• Once bubbles have ceased to be released from the wood this should indicate that it's absorbed as much wax as it can take so remove them, wipe/scrape as much excess wax from the surface as you can and put aside to cool.

Once they're at room temp you can scrape any remaining wax from the surface, buff them with a cloth and they're ready to use.

Should these also be dried out, and if so for how long before a finish?

As with all wood drying, you do it as long as is necessary to get the wood down to a suitable moisture level. Without a moisture meter I think the only way to check this is to weigh them until they stop losing mass.

The other option would have been to stabilise the wood in PEG or Pentacryl but I believe this needs to be done immediately after cutting to be effective.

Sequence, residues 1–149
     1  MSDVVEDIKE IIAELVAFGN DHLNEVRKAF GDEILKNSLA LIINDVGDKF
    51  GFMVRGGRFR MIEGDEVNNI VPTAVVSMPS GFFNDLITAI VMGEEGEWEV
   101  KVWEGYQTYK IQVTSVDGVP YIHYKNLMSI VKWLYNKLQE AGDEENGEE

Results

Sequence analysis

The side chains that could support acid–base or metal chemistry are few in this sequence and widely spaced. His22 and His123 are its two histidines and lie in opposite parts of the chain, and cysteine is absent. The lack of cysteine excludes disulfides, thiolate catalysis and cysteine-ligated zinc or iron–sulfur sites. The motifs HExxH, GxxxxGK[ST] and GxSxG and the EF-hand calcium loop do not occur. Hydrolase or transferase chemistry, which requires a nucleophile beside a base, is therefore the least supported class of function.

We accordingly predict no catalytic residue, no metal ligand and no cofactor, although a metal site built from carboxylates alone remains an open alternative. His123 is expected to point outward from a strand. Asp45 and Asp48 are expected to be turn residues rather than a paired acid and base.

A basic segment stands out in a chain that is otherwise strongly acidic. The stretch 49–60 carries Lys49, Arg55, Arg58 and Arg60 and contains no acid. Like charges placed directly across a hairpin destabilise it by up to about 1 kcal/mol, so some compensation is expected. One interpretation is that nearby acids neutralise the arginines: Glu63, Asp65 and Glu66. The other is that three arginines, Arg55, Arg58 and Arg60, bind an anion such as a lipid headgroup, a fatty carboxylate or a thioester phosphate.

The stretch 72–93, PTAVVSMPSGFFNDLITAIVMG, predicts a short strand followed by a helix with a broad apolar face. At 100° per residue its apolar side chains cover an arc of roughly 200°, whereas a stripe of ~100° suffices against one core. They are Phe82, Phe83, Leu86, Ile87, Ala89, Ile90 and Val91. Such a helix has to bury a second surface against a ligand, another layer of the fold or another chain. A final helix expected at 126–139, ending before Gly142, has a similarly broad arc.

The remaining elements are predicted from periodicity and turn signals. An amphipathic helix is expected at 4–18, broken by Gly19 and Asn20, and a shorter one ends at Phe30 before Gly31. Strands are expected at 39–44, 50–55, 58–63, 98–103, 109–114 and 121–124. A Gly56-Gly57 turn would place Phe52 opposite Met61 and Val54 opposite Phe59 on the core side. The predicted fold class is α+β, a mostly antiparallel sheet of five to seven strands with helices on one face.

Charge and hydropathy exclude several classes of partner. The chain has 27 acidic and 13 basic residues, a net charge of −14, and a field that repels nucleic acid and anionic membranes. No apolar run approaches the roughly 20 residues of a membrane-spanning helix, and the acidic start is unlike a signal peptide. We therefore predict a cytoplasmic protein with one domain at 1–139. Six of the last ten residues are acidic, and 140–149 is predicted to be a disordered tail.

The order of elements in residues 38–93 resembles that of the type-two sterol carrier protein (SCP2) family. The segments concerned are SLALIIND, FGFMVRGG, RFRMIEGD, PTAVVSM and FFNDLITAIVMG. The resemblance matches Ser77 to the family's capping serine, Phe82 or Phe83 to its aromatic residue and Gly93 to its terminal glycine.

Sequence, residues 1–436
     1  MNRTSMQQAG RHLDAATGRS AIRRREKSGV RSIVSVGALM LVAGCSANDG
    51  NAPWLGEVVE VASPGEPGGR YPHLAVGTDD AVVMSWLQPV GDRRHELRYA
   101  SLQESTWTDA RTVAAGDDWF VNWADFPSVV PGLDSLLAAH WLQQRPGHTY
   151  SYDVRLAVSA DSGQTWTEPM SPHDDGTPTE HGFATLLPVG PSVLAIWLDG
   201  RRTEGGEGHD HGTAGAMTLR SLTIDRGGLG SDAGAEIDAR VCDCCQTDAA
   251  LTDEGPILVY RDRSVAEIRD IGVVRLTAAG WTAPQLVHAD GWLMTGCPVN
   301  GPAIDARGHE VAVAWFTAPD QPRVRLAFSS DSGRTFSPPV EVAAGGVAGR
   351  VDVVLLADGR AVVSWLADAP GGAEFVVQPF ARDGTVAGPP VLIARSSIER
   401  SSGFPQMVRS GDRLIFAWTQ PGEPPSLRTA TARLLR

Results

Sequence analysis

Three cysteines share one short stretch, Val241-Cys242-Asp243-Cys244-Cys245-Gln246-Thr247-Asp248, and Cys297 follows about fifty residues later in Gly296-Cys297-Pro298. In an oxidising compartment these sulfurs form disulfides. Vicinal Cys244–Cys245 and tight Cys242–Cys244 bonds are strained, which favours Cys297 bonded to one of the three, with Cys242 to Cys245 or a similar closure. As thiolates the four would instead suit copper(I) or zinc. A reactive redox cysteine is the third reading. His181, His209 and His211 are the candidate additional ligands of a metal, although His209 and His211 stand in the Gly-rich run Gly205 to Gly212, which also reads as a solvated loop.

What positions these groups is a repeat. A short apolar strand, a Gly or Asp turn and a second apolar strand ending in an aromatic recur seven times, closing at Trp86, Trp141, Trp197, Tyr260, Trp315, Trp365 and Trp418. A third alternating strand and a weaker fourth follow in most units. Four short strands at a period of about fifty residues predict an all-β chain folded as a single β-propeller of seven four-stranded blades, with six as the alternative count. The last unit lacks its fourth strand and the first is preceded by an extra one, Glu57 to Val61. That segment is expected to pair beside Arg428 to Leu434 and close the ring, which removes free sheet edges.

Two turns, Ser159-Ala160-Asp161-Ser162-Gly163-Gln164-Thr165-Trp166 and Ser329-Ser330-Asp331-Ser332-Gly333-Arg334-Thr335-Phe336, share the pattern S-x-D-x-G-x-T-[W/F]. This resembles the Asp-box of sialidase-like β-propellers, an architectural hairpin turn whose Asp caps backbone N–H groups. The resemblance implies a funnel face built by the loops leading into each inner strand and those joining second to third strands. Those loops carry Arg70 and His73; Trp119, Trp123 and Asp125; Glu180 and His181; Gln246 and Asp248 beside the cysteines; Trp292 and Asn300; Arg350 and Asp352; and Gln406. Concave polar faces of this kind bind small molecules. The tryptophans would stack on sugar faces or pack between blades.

• Wow, awesome! Thank you for the response and the details! – Keith E. Truesdell Apr 23 '18 at 12:40
1

The biggest problem I see with your plan is that discs cut from a branch as mentioned are going to be chronically bending and warping even after they are properly dried out.

One option you could consider is casting them in clear (or colored for that matter) resin.

This would be a pretty simple process for what you are planning you simply need a dish slightly deeper and wider than the disc. Once coated in resin you can trim the edges and sand/buff it smooth and shiny. Realistically they should pretty much last forever...

Your Answer

By clicking “Post Your Answer”, you agree to our terms of service, privacy policy and cookie policy

Not the answer you're looking for? Browse other questions tagged or ask your own question.